Believe it or not, your iPhone is a pretty incredible device when it comes to taking pictures. Thanks to regular improvements to technology and our own mini-computers, the camera app on our phones have become more robust.
In fact, they’re about as good as one of the low-end cameras in terms of picture quality. Pair that up with simple design and clear features, anyone can use it.
But if you’re looking to take some amazing shots, there is going to be a slight learning curve. After all, to take amazing shots, you’re going to need to learn the ins and outs of your iPhone’s camera app. And there is more to it than you’d think.
Using The Shortcut
For example, are you aware of the shortcut to access your camera? The problem with any camera is that it takes a little while to load up and be able to snap a picture. It might not seem much but every photographer knows you can lose an amazing shot in a short time if you’re not prepared.
For iPhone’s it’s the same thing where getting to the app takes time. However you can work around that by turning on your phone and swiping up. You can access this even from the lock screen.
Have You Considered Third-Party Apps?
With how many helpful apps out there, there is bound to be some good photo apps as well. That much is certainly true as Apple has opened a lot of their controls to developers.
From shutter speed, to white balance and exposure, developers have used these accessible controls to form quality third party camera apps. While the default camera is still pretty good, these third-party apps can provide better clarity.
Here is a list of some of the good ones to consider. Of course, these apps are great if you’re not in any rush to take a picture.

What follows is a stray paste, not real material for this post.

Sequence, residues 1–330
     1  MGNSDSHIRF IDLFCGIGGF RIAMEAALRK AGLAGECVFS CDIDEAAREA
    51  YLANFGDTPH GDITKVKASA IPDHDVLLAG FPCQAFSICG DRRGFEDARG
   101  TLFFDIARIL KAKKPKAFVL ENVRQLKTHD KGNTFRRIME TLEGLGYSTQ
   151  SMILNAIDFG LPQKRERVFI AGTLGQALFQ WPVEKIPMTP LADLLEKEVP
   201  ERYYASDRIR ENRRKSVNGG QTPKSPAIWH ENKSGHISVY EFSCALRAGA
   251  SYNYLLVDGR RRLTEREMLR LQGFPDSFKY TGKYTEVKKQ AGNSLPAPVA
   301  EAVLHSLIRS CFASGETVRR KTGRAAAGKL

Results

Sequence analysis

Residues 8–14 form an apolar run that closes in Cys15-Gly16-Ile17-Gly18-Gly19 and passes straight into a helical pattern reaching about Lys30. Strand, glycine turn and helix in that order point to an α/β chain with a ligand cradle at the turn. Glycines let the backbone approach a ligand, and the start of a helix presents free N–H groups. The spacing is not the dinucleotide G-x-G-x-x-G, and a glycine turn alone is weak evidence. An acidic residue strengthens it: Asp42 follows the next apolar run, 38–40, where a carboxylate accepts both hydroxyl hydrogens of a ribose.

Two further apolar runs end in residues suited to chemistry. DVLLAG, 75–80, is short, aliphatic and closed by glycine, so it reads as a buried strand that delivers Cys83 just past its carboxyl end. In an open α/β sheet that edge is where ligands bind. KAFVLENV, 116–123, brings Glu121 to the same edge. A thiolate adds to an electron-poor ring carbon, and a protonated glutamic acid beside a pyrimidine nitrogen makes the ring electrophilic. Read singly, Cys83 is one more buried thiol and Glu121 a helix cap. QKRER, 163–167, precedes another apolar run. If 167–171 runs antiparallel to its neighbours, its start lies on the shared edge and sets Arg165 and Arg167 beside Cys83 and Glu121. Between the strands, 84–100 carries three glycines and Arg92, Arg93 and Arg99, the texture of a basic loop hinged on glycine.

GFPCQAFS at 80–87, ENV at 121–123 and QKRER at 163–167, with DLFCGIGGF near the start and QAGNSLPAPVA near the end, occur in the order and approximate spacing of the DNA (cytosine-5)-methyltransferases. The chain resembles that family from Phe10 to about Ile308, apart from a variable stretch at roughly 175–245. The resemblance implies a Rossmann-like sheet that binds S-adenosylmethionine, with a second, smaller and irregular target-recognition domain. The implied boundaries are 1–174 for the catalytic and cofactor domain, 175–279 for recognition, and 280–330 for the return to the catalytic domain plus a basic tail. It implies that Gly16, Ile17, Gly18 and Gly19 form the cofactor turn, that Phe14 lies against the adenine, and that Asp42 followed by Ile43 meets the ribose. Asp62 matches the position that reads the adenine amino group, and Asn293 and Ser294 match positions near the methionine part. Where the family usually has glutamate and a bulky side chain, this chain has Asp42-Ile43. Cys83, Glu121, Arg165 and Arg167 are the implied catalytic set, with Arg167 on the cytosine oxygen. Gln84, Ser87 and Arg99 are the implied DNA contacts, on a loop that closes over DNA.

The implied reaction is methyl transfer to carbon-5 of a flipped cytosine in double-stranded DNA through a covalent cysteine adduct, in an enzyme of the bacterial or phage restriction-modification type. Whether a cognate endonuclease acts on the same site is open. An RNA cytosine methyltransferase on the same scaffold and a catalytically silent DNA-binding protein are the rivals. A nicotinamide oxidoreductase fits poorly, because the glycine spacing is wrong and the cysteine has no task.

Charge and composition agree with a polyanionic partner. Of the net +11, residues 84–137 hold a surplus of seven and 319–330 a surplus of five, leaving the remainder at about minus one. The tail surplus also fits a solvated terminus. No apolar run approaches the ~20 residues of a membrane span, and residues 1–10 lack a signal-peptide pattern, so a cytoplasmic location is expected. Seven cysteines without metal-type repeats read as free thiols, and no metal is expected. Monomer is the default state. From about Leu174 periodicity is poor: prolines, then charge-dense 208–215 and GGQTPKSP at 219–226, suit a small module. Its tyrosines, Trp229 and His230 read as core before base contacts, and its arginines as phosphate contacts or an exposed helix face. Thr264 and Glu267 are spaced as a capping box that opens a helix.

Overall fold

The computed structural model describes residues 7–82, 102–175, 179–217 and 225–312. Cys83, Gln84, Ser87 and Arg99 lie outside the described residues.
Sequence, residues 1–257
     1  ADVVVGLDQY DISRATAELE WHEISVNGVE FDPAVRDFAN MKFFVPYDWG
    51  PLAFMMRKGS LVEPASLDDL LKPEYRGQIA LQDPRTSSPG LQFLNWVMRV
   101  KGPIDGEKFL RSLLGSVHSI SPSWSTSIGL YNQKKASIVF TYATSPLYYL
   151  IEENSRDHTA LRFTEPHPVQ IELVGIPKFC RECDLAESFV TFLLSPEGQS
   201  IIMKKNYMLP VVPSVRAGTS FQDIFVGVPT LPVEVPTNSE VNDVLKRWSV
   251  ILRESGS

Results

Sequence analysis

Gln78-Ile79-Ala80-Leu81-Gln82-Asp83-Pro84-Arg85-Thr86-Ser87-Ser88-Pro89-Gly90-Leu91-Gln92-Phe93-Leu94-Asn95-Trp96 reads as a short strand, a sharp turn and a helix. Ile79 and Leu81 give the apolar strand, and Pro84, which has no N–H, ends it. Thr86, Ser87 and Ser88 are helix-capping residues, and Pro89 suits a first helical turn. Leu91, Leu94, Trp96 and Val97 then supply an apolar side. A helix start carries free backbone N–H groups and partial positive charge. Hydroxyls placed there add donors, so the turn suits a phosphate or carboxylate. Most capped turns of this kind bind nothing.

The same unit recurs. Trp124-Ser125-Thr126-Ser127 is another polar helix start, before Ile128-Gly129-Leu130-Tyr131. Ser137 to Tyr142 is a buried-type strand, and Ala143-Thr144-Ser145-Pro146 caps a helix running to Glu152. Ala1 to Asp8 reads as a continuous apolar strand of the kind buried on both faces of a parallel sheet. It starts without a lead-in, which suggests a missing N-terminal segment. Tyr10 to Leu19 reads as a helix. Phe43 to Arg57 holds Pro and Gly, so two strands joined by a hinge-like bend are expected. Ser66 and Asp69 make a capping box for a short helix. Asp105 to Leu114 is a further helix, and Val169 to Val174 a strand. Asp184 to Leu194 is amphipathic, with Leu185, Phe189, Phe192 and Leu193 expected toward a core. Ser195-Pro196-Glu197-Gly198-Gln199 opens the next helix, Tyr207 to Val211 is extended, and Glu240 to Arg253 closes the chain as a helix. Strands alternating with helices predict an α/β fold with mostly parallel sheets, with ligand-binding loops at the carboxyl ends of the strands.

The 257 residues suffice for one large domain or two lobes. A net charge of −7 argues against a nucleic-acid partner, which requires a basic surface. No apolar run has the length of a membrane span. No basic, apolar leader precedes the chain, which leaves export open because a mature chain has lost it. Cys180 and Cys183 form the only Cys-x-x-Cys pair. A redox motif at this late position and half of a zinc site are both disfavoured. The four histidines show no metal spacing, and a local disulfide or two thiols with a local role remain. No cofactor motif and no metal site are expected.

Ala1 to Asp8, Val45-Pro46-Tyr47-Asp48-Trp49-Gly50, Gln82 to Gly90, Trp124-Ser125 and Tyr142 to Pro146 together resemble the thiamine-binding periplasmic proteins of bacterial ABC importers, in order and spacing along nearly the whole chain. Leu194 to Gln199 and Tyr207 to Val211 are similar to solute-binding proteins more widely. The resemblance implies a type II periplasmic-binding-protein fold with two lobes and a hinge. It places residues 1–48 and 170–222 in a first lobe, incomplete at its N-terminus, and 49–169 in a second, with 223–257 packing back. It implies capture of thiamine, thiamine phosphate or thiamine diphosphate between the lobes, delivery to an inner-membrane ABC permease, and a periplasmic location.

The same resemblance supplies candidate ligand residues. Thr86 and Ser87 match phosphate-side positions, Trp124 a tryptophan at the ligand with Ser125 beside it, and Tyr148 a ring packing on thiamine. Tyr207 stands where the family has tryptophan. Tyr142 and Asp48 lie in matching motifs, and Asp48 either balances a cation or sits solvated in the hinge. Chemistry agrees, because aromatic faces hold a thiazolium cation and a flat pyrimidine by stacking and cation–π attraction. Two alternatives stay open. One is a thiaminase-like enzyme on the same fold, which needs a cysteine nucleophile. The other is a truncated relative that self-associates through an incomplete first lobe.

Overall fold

Knowing Your Shooting Modes And Using Them Properly
Amazing shots boil down to a deeper understanding of everything about your iPhone’s camera. One key feature is being familiar with the various modes like panorama, photo, and square. While all of it seems like common-sense, it’s advised to take the picture in the mode you intend to publish it for. For example if you’re snapping a picture for Instagram, consider square mode to capture your intended shot. If you went for photo mode, you’d have to crop it to fill the spot and that can be trickier.
Know The Rule Of Thirds
Did you know that the iPhone has grid lines for the camera app? This is one feature that every photographer should be aware of mainly because you can take advantage of the rule of thirds.
For those not familiar with the rule of thirds, it’s simply a guideline. The guideline states that a photo in general is more appealing and interesting compositionally if the important elements of your shot are on one the grid lines or their intersections.
To get to grid lines check Settings and under Photos & Camera there is an option titled Grid.